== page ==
The stock market made a 6%+ "small correction". Buy NOW


The S&P 500 has made a 6%+ “small correction” as of yesterday. NOW is the time to buy U.S. stocks. Here’s why.

Risk:reward

Risk:reward is the guiding principle for medium-long term traders and investors. Here’s the essence of risk:reward.

If you go long when the market is falling, do you have a margin of safety on your side? If you WAIT long enough (but not too long), will your loss turn into a profit?

Our studies suggest that the current “small correction” will be closer to 10% than 6%. The S&P has already fallen 8.1% as of Monday’s close! So even if this small correction is 11% or 12% or 13%, your risk is a maximum of 5%!
Our Medium-Long Term Model states that there is no significant correction or bear market on the horizon.
Once this correction is over, the S&P 500 will surge 20%, 30%, or 40%! That’s a risk:reward ratio of 1:4 or 1:8! The risk:reward profile is terrific right now. The U.S. stock market will surge in the last 1-2 years of this bull market.
Stop trying to catch the market’s exact bottom. No one can consistently and accurately catch market bottoms. Nobody is a god, so don’t even bother trying. I’ve seen countless traders try to catch the exact bottom. For every 1 bottom they catch perfectly, they miss out on 3 bottoms. Think risk:reward. This is not a bottom that you want to miss.
Here’s the S&P 500 as of February 5, 2018.

Stop trying to find a reason

Everyone in financial media is trying to find a reason for this correction. Here’s the reality:

Most 6%+ “small corrections” have no reason. Any “reason” that the media finds is just an excuse for the stock market’s selloff. Most small corrections are purely technical in nature.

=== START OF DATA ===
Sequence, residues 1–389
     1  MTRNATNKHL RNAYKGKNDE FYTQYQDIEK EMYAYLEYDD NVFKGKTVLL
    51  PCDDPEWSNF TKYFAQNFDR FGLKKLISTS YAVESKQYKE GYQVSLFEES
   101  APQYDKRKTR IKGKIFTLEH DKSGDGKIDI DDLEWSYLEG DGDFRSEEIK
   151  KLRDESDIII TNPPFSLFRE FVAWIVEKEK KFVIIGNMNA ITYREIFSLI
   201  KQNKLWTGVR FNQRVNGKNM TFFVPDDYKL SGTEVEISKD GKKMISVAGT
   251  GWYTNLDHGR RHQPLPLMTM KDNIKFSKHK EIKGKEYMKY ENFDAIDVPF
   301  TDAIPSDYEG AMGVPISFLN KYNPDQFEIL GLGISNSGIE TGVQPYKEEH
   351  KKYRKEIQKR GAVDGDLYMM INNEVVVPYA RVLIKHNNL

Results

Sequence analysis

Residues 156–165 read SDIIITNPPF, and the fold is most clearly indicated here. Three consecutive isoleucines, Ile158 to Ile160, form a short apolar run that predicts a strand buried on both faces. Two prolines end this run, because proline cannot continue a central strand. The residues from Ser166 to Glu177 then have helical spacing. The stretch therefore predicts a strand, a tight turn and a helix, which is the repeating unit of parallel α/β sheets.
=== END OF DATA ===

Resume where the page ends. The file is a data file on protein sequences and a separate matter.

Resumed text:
The rally prior to this correction was the longest rally in history without a 6%+ “small correction”. Hence, mean reversion was to be expected.
And no, the stock market did not fall because of “rising interest rates and inflation fears”. Historically, rising interest rates have not been consistently bearish for stocks. A bear market in bonds does not = a bear market in stocks. Rising rates was merely a catalyst/excuse for the stock market’s selloff. It was not the real reason.

Don’t lose sight of the bigger picture

Don’t be afraid to buy stocks just because the market is falling. Look at the medium-long term picture from an objective point of view.
The U.S. stock market and economy move in sync over the long term. U.S. economic growth is healthy right now and there are no major signs of deterioration. The European economy and emerging market economies are growing as well. This is medium-long term bullish for the stock market.
U.S. corporate earnings are surging and show no signs of slowing down. The recent earnings season (Q4 2017) was the strongest earnings season in years. Earnings growth is 13.4%! This is also medium-long term bullish for the stock market.
Yes, stock market valuations are high. But valuations don’t cause bear markets. They provide a reason for one, but they are not the catalyst. If valuations caused bear markets, then you cannot explain why the stock market soared from 1995-2000 despite insanely high valuations. Valuations have been consistently elevated over the past 25 years. This is probably due to low interest rates, which are still historically low.
*Interest rates would still be historically low if the 10 year Treasury yield went up more than 1% to 4%.

Remember, corrections are a normal and healthy part of bull markets.

Stop loss

The Medium-Long Term Model does not use a price-based stop loss. It will only close out my UPRO position if it realizes that the bull market has started to turn into a bear market. Read The best stop loss strategy.

17 comments add yours

  1. Troy,
    For SOXL, should I wait or just buy? NVIDIA has earnings this week which I feel like will bring it down lower.
    Suggestions pretty please 🙂

    • Hi Ahmad,
      I can’t comment on something I don’t know much about. Doing so would be irresponsible of me.
      Kind regards,